Breaks, Samples, and Sites for Cyphers: Remixing the Administration of Writing
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PublisherThe University of Arizona.
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EmbargoRelease after 05/02/2021
AbstractThis dissertation forwards a DJ-based hip-hop methodology as an intervention within the discourses of Writing Program Administration (WPA). It is a response to calls from the larger field of rhetoric and composition as well as the sub field of WPA for work that theorizes through disciplinary issues of whiteness, suggesting that hip-hop as a culture founded within the same western discourse of the academy has the capacity to interrogate the practices that reproduce and uphold hegemony. I argue that hip-hop can only accomplish this when it is first theorized through a synthesis of hip-hop feminism and critical theory since its proximity to dominant discourse must be unpacked and theorized rather than abandoned. This project also centers on hip-hop’s remixing capabilities as it argues that critiques should include an element of extension and creation as a willful ignorance or removal from the effects of dominant culture might be theoretically impossible. Instead, it argues that the critiques of WPA discourse offers occasions for compositions that are sensitive to differences in cultural location. The central argument in Breaks, Samples, and Sites for Cyphers is that the methodologies that guide practice and production within WPA must consider the intricacies of cultural location. The discourse of WPA is often presented as a neutral endeavor with practices that discipline administrators, students, teachers, and staff so that they might uphold middle-class, white norms. A hip-hop methodology has the potential to disrupt this practice by offering remixes of writing and identity that are sensitive to a variety of social and political contexts. The DJ is then specifically utilized as an image of a critical writing administrator due to their ability to invite spacious compositions from a variety of identities, packaging and presenting those compositions in ways that might speak back towards legacies of whiteness within the field. In chapter two, I begin the discussion by defining my hip-hop methodology through a synthesis of hip-hop feminism and critical theory in order to explore hip-hop’s potential to call out and speak back towards a dominating discourse. I then center on the hip-hop DJ, recognizing that while they share hip-hop as a guiding epistemology, the practices within the culture all have their own guiding logics. I emphasize the DJ as they closely parallel the writing administrator through their emphasis on administering and inviting writing occasions. Chapter three focuses on composition curriculum realized through the WPA Outcomes Statement, a document created by the Council of Writing Program Administrators that focuses on naming and normalizing expectations for the first-year writing class. Through a hip-hop discourse analysis of the document, I argue for remixed definitions for writing and rhetoric within the class that are more sensitive of difference. I continue the dialogue of difference and identity in chapter four, arguing for cypher logics to impact the ways in which identity is handled within the field. I end the discussion in chapter five by pointing out that while hip-hop offers a generative intervention that can help in the critiquing of whiteness in WPA, it alone cannot be the chosen culture to do so. What is needed are continual theories and methodologies that come from various cultural locations that can all aid in the work of challenging and critiquing problematic discourses in rhetoric and composition.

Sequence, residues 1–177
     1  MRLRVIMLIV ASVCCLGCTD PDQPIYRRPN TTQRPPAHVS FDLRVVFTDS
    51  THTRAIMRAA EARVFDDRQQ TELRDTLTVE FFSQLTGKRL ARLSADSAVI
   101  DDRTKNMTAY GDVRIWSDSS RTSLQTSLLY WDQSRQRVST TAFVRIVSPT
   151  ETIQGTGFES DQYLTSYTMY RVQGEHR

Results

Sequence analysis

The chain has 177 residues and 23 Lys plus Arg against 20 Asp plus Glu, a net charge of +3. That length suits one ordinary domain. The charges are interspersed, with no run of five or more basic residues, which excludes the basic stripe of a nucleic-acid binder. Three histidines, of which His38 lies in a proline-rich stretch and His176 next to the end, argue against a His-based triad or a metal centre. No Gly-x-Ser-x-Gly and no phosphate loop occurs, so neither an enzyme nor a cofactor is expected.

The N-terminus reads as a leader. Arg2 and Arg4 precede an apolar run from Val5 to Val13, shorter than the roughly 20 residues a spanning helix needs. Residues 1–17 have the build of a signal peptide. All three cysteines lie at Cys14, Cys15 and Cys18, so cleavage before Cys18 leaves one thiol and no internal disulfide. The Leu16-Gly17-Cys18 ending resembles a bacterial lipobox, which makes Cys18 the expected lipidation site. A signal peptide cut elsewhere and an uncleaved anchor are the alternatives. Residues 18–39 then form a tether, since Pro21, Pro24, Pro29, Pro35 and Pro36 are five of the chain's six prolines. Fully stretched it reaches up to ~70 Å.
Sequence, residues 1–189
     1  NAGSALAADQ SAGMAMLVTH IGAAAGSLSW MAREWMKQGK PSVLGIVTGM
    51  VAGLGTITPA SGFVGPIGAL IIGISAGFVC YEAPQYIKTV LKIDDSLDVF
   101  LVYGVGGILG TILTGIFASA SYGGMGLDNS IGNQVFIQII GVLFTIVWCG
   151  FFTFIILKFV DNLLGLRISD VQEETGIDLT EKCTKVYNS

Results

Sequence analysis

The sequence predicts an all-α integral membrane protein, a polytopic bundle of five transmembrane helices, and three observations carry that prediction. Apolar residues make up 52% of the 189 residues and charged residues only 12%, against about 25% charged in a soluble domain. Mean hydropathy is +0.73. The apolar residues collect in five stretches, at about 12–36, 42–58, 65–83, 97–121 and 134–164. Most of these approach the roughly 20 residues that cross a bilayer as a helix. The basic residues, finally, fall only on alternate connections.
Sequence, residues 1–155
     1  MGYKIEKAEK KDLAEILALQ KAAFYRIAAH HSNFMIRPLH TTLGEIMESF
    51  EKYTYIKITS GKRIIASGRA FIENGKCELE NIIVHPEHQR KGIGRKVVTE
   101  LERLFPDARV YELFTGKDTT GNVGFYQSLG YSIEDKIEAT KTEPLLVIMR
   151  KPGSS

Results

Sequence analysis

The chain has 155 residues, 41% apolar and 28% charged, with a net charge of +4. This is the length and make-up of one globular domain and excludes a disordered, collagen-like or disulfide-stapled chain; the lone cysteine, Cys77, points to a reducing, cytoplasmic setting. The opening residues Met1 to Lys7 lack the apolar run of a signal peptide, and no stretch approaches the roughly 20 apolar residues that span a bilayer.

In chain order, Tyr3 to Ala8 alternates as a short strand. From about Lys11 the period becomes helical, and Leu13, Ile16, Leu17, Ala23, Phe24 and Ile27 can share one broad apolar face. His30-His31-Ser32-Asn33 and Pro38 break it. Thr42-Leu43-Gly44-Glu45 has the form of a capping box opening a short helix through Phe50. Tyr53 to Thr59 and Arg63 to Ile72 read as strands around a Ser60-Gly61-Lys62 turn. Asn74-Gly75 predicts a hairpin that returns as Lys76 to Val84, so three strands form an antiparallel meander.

Degree ProgramGraduate College